RBN Energy: update on the three refinery projects under consideration in North Dakota. One is under construction. I doubt the second will get very far. And the third has gotten most (all?) the permits required, but not the funding. To some extent, it's a sad commentary on the United States that these three refineries even make national news, as inconsequential as they are in the big (national) scheme of things. These are the first refineries, as small as they are, to be built in the contiguous US since 1977.
The takeaway from this article:
Nevertheless the challenge for refiners is that good times don’t always last for 20-30 years and that is typically how long it takes to get to payback on a new refinery investment.Why is this the takeaway? MDU is betting that the Bakken will be around for a long time.
[RBN Energy: it should be noted that it is not the price of crude oil that will determine the success/failure of these ND refineries, but rather the margins. From RBN:
For a refinery to pay out it needs more than a reliable, reasonably priced crude supply. It needs petroleum product prices to be high enough above crude prices to support the refinery margins.]
Section D (Personal Journal):
Section C ( Money & Investing):
Apple and iBonds. A lot of story lines.
Section B (Marketing):
When bad ideas go worse: senators seek way to ease FAA cuts. The question was raised by Southwest Airlines. For all those fees passengers pay, why was the FAA even caught up in this? Why isn't the FAA financed completely by the airline industry, commercial and private. Something doesn't ring true here. On another note, they got a 25% increase n budget and yet a 2% cut causes nationwide problems? Again, something doesn't ring true.
The public's going to be furious when they find out that this could have been prevented," said Sen. Dan Coats (R., Ind.), who supports the bipartisan proposal to give the Department of Transportation more flexibility in dealing with the FAA cuts. The aviation agency has said it can't avoid furloughs in the course of complying with the mandated budget cuts.Global warming: too much rain --> flooding in the Midwest, south of Chicago.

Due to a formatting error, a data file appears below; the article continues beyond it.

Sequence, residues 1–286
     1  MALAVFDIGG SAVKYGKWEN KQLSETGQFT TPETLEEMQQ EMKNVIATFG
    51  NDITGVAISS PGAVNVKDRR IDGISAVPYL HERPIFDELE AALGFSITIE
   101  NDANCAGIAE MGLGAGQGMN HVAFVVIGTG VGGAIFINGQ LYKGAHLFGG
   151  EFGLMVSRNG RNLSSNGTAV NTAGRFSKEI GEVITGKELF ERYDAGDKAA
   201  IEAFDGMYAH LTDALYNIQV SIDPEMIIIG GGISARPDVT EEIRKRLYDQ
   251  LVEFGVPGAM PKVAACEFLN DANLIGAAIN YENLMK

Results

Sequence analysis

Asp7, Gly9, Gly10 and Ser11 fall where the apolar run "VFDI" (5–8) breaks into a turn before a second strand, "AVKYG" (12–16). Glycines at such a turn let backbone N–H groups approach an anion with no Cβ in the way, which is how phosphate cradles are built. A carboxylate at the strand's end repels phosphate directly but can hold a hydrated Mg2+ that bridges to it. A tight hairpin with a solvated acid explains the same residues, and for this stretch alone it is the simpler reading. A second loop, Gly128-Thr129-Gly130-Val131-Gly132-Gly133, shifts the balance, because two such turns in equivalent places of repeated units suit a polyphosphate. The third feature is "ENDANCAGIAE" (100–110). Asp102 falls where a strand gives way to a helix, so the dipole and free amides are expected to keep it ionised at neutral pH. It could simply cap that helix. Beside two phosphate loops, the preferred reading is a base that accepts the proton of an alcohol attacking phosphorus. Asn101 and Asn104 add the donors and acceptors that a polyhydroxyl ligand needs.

Rains totaling more than 8 inches in the past week are causing rivers from Grand Rapids, Mich., to St. Louis to reach flood levels and putting communities along much of the Mississippi River on alert. The Des Plaines River, with a typical flood stage of 5 feet, swelled to 10.9 feet in Des Plaines, Ill., breaking a record from 1986. The wet spell is helping to reverse drought conditions across much of the corn belt, but keeping farmers from planting their next crops.
"The flood situations seem to drag on for so long. The rivers take a long time to come down, and that's the frustrating thing," said meteorologist Jim Keeney of the National Weather Service.Oh, this is nice. Ancient Aleppo minaret destroyed. Idiots. I guess Allah willed it. After the Boston Marathon bombings, I really don't care what these folks do to themselves.
The minaret of a landmark 12th-century mosque in the northern Syrian city of Aleppo was destroyed Wednesday, leaving the once-soaring stone tower a pile of rubble and twisted metal scattered in the tiled courtyard.
President Bashar al-Assad's regime and antigovernment activists traded blame for the destruction to the Umayyad Mosque, which occurred in the heart Aleppo's walled Old City, a Unesco World Heritage site.
It was the second time in just over a week that a historic Sunni mosque in Syria has been seriously damaged. Mosques served as a launching pad for antigovernment protests in the early days of the country's two-year-old uprising, and many have been targeted.Speaking of which, Iraq continues to slide into chaos. I wonder if Iraq can wait for the next US president to help, of if Mr Obama will have to get involved?